Sometimes space photography is stunningly colorful. Other times, it’s limned in quieter shades of black, white, and gray. Fortunately, in the National Air & Space Museum’s “A New Moon Rises: Views from the Lunar Reconnaissance Orbiter Camera,” such monochrome hues are beautiful nonetheless.
The several dozen large-scale images on view have been made with a state-of-the-art, high-resolution camera since 2009.
The moon’s surface contains craters and
peaks that look roughly like what we have here on earth. But there are also unfamiliar landforms with odd names like maria (dark lava flows), rilles (long, thin trenches), and swirls (ghostly light areas on the lunar surface). Some landmarks even suggest dimples or stretch marks. And careful timing is crucial for capturing these features; in many cases, the sun is only rarely at an angle that provides enough light to see them clearly.
The collection of images at the Air & Space museum includes the Apollo landing sites, complete with eerie remnants of humans’ past visits to the moon. But the most visually dramatic images are purely natural—the central peak in the Tycho impact crater, the expansive Giordano Bruno crater (middle), and a Copernican crater that, even in freeze frame, shows an irresistible centripetal force.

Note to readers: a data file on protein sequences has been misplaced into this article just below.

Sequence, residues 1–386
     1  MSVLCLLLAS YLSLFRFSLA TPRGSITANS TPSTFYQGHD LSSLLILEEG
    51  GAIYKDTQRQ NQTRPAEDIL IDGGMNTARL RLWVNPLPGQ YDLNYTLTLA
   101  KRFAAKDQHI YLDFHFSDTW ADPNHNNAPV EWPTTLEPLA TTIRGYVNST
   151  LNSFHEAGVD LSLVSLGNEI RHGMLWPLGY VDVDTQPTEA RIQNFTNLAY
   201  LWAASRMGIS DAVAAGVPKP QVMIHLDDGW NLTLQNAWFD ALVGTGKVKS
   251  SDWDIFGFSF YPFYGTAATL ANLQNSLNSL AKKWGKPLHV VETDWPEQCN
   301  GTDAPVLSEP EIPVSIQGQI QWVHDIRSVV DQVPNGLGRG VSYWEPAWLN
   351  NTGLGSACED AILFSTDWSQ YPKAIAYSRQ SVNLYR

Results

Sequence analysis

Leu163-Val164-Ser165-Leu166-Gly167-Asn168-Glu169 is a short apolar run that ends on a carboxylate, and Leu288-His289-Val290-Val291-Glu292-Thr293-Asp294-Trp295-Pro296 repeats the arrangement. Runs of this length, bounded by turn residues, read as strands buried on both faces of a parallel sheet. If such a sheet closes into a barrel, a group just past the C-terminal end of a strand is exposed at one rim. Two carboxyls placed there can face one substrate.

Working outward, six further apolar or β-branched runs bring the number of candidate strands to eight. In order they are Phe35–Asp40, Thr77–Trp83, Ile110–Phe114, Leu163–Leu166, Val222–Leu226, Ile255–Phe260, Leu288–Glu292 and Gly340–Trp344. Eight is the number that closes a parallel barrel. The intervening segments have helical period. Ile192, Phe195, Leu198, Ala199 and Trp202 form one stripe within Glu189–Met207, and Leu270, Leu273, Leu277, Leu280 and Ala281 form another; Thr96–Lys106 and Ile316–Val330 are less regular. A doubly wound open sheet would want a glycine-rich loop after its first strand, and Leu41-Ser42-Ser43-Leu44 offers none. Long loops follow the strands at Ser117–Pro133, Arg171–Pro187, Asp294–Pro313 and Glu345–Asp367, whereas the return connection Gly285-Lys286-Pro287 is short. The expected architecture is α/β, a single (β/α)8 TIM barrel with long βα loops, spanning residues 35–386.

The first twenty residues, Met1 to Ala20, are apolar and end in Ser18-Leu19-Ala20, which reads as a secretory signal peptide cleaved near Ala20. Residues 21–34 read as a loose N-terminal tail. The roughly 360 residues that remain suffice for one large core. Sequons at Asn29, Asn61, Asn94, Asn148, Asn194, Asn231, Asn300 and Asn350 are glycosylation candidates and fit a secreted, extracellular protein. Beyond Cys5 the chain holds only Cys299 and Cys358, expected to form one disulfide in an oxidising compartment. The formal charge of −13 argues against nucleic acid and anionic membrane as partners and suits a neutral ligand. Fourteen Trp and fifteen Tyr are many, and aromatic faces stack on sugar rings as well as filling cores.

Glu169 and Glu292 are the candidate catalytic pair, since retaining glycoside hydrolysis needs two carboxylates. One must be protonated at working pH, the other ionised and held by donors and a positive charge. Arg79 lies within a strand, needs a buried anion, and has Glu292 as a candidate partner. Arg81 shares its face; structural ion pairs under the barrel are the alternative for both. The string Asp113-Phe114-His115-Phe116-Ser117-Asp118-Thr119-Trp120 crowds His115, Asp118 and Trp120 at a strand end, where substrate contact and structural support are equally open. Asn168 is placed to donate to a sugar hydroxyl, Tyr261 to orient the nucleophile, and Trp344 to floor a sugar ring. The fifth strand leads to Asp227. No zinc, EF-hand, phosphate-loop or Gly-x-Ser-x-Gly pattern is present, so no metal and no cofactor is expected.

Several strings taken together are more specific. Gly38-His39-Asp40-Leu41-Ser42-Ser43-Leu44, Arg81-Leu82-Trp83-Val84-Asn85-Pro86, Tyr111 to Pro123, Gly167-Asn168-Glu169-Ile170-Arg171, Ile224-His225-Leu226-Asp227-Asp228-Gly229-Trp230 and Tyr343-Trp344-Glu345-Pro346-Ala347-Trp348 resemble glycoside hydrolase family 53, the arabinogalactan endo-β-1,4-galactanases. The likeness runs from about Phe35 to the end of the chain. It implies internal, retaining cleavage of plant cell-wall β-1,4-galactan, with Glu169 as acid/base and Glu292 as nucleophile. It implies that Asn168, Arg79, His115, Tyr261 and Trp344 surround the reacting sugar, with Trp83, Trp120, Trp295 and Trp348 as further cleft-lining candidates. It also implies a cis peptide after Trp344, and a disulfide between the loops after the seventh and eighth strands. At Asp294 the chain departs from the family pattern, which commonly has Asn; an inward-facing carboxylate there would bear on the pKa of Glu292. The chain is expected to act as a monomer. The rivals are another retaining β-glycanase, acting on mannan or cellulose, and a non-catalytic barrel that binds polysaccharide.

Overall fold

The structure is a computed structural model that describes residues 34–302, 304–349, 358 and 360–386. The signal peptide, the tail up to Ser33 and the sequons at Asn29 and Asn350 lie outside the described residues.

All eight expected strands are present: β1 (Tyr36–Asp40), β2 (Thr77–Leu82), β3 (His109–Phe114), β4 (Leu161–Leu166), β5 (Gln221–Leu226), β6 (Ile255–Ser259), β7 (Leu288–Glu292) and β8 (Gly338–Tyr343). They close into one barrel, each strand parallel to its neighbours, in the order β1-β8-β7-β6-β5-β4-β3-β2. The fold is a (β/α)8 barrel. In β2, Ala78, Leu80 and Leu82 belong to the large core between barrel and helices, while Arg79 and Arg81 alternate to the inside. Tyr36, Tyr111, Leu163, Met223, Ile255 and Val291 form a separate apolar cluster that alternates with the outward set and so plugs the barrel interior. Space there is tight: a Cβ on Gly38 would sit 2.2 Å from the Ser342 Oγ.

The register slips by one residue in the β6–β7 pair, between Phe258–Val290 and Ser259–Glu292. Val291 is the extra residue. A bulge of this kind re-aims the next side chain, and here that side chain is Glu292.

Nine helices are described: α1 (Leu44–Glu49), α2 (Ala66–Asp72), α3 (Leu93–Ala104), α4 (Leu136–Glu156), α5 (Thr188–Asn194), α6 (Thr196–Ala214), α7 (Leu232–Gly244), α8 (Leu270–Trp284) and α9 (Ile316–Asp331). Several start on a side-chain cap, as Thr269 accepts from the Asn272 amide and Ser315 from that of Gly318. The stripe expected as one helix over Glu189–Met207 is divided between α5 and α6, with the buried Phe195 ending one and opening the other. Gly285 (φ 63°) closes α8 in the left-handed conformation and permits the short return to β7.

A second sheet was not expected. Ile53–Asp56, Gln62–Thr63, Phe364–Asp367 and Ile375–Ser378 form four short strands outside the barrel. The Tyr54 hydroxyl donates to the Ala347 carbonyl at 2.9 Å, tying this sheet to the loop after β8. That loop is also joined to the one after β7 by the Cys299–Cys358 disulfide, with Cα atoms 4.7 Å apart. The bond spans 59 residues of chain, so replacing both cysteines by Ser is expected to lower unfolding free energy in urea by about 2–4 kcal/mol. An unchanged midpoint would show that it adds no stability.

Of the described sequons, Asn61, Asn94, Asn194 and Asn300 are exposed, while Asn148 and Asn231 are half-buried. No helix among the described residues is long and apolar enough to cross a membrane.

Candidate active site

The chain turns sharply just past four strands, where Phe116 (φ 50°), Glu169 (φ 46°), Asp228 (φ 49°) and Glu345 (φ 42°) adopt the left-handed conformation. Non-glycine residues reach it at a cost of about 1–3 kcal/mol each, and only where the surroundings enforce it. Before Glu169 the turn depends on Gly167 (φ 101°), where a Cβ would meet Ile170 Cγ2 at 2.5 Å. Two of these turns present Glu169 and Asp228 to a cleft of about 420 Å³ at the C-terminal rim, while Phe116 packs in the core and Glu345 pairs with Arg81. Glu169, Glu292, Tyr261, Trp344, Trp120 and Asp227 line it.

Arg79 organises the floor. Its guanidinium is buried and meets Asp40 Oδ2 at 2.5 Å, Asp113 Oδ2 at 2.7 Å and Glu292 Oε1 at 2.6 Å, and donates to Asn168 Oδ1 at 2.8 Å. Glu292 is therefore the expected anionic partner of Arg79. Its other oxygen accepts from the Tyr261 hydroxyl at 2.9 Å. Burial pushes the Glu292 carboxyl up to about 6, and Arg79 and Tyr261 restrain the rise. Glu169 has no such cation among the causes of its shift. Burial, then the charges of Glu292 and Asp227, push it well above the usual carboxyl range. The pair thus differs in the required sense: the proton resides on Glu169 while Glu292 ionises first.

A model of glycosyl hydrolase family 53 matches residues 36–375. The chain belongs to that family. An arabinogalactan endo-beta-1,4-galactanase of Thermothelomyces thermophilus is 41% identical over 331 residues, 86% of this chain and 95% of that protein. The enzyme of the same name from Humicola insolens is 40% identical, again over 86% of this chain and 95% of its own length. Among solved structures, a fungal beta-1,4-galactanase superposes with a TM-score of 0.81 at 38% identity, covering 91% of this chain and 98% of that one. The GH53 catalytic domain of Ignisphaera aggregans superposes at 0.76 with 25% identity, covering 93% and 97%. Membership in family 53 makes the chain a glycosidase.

The exhibit’s one failing is that it provides little if any sense of scale; it would not have been hard to provide a side-by-side image of a mountain, crater or fault line on earth for comparison. Still, the images’ appeal is impossible to dismiss, thanks to a compelling mix of the familiar and the strange.
Through December 2016 at the National Air & Space Museum, Independence Ave. and 6th St. SW.